Data from the ECDC indicate that the use of antibiotics decreased by over 15% during the COVID-19 pandemic

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The use of antibiotics in the European Union/European Economic Area (EU/EEA) decreased by over 15% during the COVID-19 pandemic, data from the European Centre for Disease Prevention and Control (ECDC) show.

The ECDC says this decrease was observed mostly in primary care and is most likely due to a decrease in consultations, either because of hesitancy to seek healthcare for mild self-limiting infections or difficulties obtaining an appointment.

However, the agency cautions, antimicrobial resistance (AMR) levels remain high for several important bacterial species and antimicrobial groups, with the highest percentages generally reported by countries in the south and east of Europe.

‘AMR remains a serious challenge globally,’ said Stella Kyriakides, EU Commissioner for Health and Food Safety. ‘AMR is a silent pandemic that is happening here and now. Although antibiotic consumption generally decreased during the pandemic in the EU/EEA, we must increase our public health response. In the EU, we are stepping up our actions and have made the fight against AMR a priority.’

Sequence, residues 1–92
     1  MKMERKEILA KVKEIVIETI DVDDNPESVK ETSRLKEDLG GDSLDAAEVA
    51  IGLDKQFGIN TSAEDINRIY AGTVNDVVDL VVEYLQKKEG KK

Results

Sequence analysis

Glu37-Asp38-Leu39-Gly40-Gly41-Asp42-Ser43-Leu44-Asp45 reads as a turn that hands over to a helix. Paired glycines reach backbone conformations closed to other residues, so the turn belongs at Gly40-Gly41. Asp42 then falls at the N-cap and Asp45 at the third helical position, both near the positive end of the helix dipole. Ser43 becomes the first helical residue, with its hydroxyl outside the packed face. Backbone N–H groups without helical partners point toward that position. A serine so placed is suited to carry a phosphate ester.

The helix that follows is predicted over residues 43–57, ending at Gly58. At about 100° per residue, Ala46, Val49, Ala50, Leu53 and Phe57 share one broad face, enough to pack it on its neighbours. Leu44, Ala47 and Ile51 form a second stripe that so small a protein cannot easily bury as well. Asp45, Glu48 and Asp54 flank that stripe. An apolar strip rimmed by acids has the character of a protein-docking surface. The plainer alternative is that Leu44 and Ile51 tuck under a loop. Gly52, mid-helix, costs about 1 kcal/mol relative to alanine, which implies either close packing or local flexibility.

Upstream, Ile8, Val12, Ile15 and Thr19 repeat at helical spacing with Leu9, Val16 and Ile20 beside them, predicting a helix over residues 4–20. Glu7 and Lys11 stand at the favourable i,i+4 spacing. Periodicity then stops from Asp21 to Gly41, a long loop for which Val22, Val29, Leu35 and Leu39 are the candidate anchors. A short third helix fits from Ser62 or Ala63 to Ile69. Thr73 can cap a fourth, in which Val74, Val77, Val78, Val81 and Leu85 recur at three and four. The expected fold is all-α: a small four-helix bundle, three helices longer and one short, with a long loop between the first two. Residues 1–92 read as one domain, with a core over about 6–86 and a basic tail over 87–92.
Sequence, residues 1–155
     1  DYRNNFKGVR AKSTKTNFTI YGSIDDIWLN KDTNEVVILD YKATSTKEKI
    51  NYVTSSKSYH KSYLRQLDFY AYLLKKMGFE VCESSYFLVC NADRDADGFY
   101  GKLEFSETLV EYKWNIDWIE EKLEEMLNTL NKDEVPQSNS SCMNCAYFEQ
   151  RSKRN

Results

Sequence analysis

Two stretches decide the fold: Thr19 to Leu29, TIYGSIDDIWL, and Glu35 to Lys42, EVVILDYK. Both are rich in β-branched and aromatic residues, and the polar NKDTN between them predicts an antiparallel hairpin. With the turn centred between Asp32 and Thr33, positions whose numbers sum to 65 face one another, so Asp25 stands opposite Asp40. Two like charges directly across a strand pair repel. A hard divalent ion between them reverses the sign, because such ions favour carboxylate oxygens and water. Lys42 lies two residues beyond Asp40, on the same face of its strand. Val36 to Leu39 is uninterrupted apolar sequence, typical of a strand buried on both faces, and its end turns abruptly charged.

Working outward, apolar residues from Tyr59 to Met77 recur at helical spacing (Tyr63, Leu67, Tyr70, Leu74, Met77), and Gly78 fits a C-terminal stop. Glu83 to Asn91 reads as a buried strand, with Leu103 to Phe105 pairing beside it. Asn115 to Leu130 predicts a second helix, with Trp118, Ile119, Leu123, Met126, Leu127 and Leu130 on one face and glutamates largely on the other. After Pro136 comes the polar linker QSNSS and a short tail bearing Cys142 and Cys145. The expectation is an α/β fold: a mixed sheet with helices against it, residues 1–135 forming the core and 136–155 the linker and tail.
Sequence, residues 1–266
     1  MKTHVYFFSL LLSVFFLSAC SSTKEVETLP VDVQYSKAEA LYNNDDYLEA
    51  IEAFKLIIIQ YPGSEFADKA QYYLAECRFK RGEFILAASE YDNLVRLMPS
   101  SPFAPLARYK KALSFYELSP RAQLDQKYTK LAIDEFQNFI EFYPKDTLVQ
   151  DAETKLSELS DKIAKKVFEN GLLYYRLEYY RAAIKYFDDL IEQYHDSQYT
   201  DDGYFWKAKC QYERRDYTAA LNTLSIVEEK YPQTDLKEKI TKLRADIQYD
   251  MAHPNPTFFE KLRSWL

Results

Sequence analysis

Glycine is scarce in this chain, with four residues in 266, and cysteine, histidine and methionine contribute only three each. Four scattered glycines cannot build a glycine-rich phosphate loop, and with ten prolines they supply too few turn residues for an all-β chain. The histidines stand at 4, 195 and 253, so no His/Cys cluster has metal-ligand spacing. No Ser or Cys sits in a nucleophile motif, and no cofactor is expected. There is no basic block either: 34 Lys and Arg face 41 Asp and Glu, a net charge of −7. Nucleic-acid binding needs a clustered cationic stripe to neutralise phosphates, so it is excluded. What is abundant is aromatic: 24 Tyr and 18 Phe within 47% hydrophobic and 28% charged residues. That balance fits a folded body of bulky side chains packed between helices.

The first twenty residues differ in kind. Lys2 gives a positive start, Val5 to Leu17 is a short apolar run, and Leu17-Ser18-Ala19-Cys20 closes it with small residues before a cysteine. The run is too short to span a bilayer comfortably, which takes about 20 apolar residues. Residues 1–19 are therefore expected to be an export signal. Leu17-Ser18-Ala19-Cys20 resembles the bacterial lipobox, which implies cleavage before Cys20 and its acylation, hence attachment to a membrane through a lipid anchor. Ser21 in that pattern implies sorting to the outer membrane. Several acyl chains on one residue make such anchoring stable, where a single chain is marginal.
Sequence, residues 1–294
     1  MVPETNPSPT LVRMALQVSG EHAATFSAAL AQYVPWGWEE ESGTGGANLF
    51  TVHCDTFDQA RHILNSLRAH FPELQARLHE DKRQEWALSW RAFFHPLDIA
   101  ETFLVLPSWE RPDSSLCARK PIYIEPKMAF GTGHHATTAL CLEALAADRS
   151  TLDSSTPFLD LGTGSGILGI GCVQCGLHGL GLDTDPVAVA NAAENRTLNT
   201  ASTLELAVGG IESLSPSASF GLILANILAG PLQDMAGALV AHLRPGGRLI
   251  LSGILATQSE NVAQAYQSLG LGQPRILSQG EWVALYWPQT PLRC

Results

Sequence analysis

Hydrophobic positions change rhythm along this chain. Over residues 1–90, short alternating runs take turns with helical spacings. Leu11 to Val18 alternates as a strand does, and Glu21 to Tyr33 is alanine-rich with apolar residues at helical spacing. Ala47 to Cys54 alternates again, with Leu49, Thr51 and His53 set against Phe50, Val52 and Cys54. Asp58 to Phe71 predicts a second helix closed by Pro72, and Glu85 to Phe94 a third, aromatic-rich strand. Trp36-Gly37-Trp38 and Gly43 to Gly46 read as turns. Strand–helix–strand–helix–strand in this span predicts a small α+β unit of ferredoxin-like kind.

The ECDC estimates that more than 670,000 infections occur in the EU/EEA annually due to bacterial resistance to antibiotics, resulting in approximately 33,000 deaths. The health burden is comparable to that of influenza, tuberculosis, and HIV/AIDS combined.

This article originally appeared on Univadis, part of the Medscape Professional Network.


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